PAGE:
We're part of the largest women's movement in the world, with over 140 years of history.
Over our 140 years we have regularly re-invented whilst sustaining our core values and purpose - supporting the well-being, development and equality of women and girls in a society that still does not afford an equal place to us alongside men. We celebrate the past achievements of the brave women instrumental in the YWCA movement over the years. See how we have progressed towards gender equality since our inception below.
Since 1878, we have advocated for young women in Aotearoa NZ. We are proud of our heritage and the role we have played in thousands of young women’s lives for over 140+ years.
We were started and nurtured by the church and we acknowledge those that went before us and established the Y as an enduring resource for women.
Today we are a secular organisation with no religious affiliation. We welcome and work beside all self-identifying wāhine, girls and non-binary people.
We are for every girl, for every women, for every right.
We celebrate the past achievements of the brave women instrumental in the YWCA movement over the years. See how we have progressed towards gender equality since our inception:
1878 - The southern hemisphere’s first YWCA was established in Dunedin.
1883 - Christchurch branch opens, focused on visiting the sick in hospital. Kate Sheppard served on the Board in the late 1880’s.
1885 - Auckland Branch opens with a focus on the ‘employed girls’ of Auckland. The early mission was to develop aspects of the character dulled by the daily toil of the workrooms, which were the primary workplaces of young women in those times.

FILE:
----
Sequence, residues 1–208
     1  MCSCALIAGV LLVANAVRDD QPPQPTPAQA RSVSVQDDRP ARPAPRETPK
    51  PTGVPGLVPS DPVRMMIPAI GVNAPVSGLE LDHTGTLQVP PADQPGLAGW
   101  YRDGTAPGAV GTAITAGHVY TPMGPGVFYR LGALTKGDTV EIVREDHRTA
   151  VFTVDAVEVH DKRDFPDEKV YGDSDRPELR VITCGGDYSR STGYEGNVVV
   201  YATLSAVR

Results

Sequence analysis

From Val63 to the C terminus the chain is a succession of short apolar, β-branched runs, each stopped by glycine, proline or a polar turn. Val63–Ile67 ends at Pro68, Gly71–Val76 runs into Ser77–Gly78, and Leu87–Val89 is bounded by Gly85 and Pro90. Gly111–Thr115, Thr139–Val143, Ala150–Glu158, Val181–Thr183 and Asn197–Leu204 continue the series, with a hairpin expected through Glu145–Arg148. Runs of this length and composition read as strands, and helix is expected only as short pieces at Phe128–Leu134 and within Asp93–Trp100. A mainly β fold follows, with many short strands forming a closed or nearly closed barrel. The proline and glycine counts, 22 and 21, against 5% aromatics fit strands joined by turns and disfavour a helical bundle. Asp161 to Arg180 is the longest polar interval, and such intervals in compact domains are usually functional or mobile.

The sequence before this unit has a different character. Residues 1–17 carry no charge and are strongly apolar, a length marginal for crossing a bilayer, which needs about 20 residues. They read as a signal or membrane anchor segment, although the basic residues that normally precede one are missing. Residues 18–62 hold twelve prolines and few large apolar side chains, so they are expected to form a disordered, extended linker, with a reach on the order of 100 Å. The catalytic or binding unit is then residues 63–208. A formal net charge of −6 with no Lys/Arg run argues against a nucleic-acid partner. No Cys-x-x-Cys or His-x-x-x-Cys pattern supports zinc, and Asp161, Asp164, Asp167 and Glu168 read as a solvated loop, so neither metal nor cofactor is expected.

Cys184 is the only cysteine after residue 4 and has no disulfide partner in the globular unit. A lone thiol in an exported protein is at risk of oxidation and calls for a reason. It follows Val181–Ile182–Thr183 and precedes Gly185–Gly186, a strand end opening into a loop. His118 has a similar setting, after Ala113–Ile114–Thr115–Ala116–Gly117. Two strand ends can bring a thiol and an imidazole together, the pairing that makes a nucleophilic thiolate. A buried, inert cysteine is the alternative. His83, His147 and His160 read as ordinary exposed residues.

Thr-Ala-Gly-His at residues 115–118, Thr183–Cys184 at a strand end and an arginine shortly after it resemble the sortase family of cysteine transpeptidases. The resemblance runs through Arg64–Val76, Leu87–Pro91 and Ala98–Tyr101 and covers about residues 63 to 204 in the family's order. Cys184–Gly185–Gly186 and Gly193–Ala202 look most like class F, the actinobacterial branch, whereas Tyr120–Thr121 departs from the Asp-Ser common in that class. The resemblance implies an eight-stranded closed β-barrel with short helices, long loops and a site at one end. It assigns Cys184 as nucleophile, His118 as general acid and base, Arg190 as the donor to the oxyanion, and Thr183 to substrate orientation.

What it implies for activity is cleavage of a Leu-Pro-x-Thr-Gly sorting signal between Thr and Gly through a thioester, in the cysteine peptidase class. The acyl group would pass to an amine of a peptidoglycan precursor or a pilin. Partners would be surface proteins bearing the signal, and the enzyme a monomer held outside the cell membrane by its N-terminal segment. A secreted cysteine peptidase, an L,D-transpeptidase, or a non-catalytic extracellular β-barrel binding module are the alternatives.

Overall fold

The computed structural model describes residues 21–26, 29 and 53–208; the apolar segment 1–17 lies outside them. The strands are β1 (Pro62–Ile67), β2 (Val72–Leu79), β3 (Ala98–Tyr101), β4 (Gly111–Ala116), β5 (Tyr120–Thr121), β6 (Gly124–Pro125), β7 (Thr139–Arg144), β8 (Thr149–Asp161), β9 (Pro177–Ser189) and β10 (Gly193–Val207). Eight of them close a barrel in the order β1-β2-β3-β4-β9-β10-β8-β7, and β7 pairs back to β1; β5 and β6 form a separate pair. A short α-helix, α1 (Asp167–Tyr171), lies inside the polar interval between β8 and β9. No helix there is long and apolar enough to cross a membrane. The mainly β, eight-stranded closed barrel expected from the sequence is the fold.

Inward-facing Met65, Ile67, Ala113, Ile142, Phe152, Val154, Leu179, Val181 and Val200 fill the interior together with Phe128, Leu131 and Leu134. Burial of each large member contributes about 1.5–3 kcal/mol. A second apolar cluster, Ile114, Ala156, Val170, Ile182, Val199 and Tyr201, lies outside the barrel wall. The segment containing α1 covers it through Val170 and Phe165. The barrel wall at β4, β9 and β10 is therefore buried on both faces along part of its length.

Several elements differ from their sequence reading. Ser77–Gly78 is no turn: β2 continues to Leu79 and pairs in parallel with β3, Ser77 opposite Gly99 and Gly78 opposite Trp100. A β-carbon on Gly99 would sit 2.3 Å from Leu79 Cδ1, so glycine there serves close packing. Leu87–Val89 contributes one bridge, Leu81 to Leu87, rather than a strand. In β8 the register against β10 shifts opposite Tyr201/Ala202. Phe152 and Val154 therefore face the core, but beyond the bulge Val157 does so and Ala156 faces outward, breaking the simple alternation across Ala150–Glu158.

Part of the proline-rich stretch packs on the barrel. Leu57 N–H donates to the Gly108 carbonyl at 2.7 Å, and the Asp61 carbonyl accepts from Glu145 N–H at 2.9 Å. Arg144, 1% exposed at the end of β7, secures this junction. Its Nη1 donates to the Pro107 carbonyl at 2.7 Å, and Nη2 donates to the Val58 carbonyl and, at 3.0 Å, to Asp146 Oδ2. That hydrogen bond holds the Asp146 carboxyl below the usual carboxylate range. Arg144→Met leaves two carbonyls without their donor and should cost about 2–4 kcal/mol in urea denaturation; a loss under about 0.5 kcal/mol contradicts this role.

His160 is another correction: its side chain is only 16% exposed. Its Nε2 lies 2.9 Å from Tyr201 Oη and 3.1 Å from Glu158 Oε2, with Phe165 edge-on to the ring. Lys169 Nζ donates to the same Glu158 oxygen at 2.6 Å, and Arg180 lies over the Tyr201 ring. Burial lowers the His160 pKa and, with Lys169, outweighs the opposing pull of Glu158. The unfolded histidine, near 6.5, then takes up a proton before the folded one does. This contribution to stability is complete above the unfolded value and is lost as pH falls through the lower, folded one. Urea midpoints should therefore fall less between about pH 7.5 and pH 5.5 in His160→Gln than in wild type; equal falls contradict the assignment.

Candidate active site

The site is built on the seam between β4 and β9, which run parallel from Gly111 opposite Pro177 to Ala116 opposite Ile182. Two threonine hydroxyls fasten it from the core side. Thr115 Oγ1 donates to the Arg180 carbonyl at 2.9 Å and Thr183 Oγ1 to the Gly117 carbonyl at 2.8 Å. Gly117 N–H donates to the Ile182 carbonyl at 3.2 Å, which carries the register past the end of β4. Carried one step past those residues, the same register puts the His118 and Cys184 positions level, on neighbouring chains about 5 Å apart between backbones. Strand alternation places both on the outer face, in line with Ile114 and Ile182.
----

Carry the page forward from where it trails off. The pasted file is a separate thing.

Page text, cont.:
1907 - The national association is established, originally part of the Joint YWCA of Australia and New Zealand.
1920 - The YWCA of Whangarei was first established in 1920 by a group of fourteen women. Their purpose was to set up a hostel for British women immigrants until they could find suitable and safe accommodation, and employment in this, their “new land”.
1923 - The Girl Citizens Movement was adopted to encourage young women to take a role in public life and was active well in the 1930’s. Participants learned the skills of running conferences and meetings, speaking in public, and organising fundraising, holiday camps, dances, plays and outings.
1926 - New Zealand formed its own national association in 1926, as the YWCA of New Zealand.
1931 - Employed women had to pay unemployment tax during the Depression but were not eligible for relief payments from the unemployment fund. The YWCA, together with the National Council of Women and unemployed women’s groups, lobbied the government to change this inequitable situation.
1943 - YWCA Hamilton was established, branching off from the YMCA
1973 - The Step Ahead programme was launched to help unemployed young Maori and Pacifica women re-enter the workforce and ran until 1984.
1983 - The Women’s Action for Nuclear Disarmament march for peace planned and carried out from YWCA Auckland
2002 - YWCA Auckland launched the Future Leaders Programme, a transformative mentoring and leadership skills development programme for young women aged 14 t o18 in decile 1+4 schools.
2004 - Encore programme for women who have had breast cancer established and ran till 2014.
2012 - Demand Equal Pay Campaign launched with the YWCA Equal Pay Awards established the following year, recognising those organisations leading the way in closing gender pay gaps.
2018 - GenderTick business accreditation programme launch nationwide.
2019 - Launched Y25 List, a one year mentoring and support programme for young womxn between the age group of 15-25 yr old.